Norma Cordova Builds and Retains Great Teams

Learning from firsthand experience what it means to be flexible for working parents, this VP at Charter Communications has developed an effective and empathetic leadership style.

Work can teach a lot of skills: how to manage time, how to manage daily business operations, how to evaluate the strengths of employees to help them grow to their highest potential, and how to be a good leader. It can also teach us what not to do—often learned by having an inexperienced leader in place. Norma Cordova has learned all of these things throughout her career.

Norma Cordova, VP of Network Technology and Implementation, Charter CommunicationsPhoto courtesy of Charter Communications

Growing up, she wanted to work on Wall Street. “I thought I was going to move to New York City, become a successful stockbroker, enjoy views from a high-rise apartment, and live life as a lone individual,” she says. She dreamed of this because she came from a family with six siblings, which meant she had very little privacy, and, as a middle child, she’d always wondered how life would be if the focus were just on her. “You could say my dreams came half true,” she says. She did go into the financial world and became incredibly successful, but she doesn’t live in New York City, and she does have a son, now twenty-three years old.

“As a young adult, we all have this narrow self-centered vision, but as an adult, we broaden our horizon and realize that nothing matters more than family,” she reflects, laughing.

Cordova started her career by joining Time Warner Satellite Services as a customer service representative twenty-five years ago. “Up until then I’d worked part-time in retail,” Cordova says. “I didn’t feel the drive in the retail world, so I wanted to give the business world a shot.”

The entry-level position had her working on the phones as a customer service and sales representative. After a period of time, Cordova was promoted to an area manager, where she took on more responsibilities and paved her way into management. She held this role for about four years, during which time she had her son. Soon after, the division within the company sold and she transferred to Time Warner Cable, starting all over as customer service representative with full determination that she would be back in a management role one day.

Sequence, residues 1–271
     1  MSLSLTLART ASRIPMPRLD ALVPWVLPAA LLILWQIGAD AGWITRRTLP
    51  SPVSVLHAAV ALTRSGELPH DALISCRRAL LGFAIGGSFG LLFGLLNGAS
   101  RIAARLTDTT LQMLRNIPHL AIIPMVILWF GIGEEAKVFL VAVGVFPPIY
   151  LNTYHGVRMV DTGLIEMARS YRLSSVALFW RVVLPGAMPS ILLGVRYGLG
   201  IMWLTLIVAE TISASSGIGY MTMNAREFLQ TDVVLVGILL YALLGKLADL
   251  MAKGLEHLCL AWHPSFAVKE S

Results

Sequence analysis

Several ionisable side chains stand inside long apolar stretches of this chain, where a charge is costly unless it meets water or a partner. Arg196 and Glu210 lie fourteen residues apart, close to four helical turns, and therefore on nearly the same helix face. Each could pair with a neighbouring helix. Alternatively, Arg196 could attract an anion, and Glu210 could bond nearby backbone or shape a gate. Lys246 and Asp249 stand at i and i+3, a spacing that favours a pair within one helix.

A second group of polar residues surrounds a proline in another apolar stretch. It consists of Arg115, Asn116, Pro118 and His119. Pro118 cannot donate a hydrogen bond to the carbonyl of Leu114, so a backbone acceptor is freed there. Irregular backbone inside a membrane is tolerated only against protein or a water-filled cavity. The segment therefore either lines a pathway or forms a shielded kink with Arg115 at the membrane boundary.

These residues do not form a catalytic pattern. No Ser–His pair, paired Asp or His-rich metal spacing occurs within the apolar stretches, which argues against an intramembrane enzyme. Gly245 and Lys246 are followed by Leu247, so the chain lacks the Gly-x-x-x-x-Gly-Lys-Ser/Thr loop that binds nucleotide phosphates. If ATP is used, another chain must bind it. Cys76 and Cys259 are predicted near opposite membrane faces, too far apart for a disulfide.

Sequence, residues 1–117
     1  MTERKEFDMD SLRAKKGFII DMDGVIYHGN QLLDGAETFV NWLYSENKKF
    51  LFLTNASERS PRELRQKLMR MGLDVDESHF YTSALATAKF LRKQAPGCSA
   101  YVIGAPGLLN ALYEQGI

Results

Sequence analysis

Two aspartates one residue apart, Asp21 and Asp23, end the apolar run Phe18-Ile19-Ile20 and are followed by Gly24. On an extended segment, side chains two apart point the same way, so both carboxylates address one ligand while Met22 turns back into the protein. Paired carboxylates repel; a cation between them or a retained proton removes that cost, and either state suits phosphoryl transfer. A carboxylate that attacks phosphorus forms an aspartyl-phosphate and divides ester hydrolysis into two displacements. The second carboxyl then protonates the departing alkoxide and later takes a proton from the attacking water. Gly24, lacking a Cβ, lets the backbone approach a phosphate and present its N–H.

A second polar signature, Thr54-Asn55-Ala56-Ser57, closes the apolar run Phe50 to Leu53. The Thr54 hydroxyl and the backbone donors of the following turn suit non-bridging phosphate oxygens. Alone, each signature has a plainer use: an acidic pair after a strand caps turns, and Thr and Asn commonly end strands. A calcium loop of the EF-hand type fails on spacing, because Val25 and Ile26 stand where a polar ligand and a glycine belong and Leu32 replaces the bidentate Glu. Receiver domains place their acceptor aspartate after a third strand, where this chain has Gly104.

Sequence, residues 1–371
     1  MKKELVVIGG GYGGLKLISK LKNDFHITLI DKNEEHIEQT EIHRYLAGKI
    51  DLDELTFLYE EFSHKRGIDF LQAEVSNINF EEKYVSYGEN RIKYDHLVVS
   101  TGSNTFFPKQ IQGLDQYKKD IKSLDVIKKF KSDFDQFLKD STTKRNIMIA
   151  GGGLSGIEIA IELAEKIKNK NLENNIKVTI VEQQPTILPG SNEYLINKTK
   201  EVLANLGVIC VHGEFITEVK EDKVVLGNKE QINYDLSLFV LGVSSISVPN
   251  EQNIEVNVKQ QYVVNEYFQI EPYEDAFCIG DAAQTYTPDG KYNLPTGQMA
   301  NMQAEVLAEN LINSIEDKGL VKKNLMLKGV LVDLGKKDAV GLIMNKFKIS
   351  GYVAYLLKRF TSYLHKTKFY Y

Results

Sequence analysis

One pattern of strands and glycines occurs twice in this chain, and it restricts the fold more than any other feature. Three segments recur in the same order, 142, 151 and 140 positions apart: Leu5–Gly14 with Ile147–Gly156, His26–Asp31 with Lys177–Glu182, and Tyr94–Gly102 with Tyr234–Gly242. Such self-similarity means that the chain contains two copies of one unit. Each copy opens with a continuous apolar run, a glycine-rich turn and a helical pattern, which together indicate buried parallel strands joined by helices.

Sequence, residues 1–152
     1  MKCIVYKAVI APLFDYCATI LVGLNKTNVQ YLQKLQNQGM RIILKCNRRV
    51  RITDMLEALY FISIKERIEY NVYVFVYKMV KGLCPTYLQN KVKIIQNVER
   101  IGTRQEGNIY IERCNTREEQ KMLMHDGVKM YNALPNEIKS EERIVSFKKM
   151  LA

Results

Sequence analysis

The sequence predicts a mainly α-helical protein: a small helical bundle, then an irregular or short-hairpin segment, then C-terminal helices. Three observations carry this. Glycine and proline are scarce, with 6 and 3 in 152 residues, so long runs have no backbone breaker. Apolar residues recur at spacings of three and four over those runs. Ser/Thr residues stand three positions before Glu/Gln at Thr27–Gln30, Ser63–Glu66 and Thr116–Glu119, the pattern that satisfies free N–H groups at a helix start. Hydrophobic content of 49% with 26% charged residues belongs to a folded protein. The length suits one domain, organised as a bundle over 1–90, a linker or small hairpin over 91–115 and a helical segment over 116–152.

Even under ideal circumstances, balancing work with parenting is difficult. The difficulty increases when you’re a single parent living away from family. In Cordova’s opinion, it didn’t help to have supervisors along the way who did not support or understand her situation. This convinced her that, as she excelled into higher levels of leadership in the future, she would provide her employees with support and flexibility to enable them to have a healthy work-life balance. After all, as any parent or caretaker can tell you, a lack of flexibility can be devastating. Cordova says it was difficult to schedule time to simply drop off and pick up her son from daycare and school because it conflicted with work hours. Family obligations also axed opportunities to travel for work, which limited her opportunities for management growth.

“I dealt with it by putting my head down, and I just kept working,” Cordova recalls. “Some people fight so aggressively to change [unjust work situations]. That’s not how I do things.” Instead, she encourages a different attitude. “Change what you can and accept what you can’t,” she says. “You have to remain positive and know that another opportunity will come along.”

Her “accept what you cannot change, change what you can” approach paired with her “family comes first” philosophy has shaped Cordova’s leadership at Charter Communications—for which she has earned honors and awards.

That approach paid off: Cordova was promoted to a business operations analyst. In her previous role, she learned customer operations. In this new role, she learned how to measure individual performance and run back-office operations. She did this for four years.